Journalists make their own news in Iraq war reporting

NEW YORK: The coverage of the war in Iraq last week continued to grab headlines almost as prominent as those for the conflict itself.

NEW YORK: The coverage of the war in Iraq last week continued to grab headlines almost as prominent as those for the conflict itself.

But the media news coming from the Middle East took on a sour taste, as faux pas by Peter Arnett and Geraldo Rivera cost them their assignments, and a few reporters went missing for several days after being thrown out of Baghdad. The news called attention to the dangers, ethical and otherwise, posed by the unparalleled access afforded to reporters on the ground.

The four expelled journalists, two from Newsday, turned up in Jordan.

Since the war began, two journalists, an Australian and an Englishman, have died. None of these journalists were embedded with troops.

"From a safety perspective, it is certainly a risky venture," said Joel Campagna, Mideast program coordinator for the Committee to Protect Journalists.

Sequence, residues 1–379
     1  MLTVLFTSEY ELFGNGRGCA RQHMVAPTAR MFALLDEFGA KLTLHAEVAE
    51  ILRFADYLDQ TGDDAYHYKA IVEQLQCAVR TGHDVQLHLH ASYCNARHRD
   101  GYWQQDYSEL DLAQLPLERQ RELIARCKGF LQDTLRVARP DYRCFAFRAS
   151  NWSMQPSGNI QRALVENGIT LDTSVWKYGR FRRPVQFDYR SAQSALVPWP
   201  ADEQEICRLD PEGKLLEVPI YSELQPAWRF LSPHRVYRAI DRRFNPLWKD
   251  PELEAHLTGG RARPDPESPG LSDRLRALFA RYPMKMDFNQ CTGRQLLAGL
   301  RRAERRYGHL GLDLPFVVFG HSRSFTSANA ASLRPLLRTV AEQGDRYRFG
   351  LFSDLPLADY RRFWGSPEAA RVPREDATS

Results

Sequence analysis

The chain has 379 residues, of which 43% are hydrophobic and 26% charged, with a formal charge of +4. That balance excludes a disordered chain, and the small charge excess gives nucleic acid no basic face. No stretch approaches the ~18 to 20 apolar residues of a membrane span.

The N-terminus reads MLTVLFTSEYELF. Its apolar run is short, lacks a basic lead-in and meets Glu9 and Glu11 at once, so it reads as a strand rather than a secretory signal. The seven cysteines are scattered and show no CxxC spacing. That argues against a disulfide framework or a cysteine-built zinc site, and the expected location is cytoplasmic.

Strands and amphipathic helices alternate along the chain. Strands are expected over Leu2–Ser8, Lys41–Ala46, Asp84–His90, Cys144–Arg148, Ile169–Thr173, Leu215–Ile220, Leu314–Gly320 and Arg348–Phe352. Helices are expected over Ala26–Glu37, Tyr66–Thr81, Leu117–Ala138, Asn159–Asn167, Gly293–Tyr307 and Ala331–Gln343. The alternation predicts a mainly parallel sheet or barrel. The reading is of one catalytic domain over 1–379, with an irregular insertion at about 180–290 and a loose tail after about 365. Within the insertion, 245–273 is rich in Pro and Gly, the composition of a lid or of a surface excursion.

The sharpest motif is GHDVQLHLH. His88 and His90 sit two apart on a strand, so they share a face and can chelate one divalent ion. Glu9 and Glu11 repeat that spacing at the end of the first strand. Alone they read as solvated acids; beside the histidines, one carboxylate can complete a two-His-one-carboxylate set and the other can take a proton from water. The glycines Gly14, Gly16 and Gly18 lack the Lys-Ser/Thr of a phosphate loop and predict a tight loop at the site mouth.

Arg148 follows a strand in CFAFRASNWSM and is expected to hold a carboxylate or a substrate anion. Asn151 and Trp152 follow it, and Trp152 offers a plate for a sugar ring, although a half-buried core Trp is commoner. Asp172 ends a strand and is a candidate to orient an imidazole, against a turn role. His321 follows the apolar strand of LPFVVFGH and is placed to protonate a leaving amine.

"When you're embedded, you are traveling with a combat unit, and with that comes the risks of being on the battlefield."

Campagna said that his organization had yet to hear any complaints from news groups in terms of safety. But, he added, a number of reporters have left the region, citing safety concerns.

A larger story was Arnett's statement on Iraqi TV that the allied war plan had failed. The statement led to MSNBC and National Geographic Explorer terminating their associations with Arnett, whose star was made in the 1991 Gulf War.

"He was out of line," said Gary Hill, chairman of the Society for Professional Journalists ethics committee. "He allowed the Iraqis to trade on the credibility of the news organization."

Hill lauded the work of the more than 600 embeds, but conceded that the access could lead to the compromise of independence and other ethical issues.

"Overall, it appears successful, but it's not done, and there have been errors," he said.

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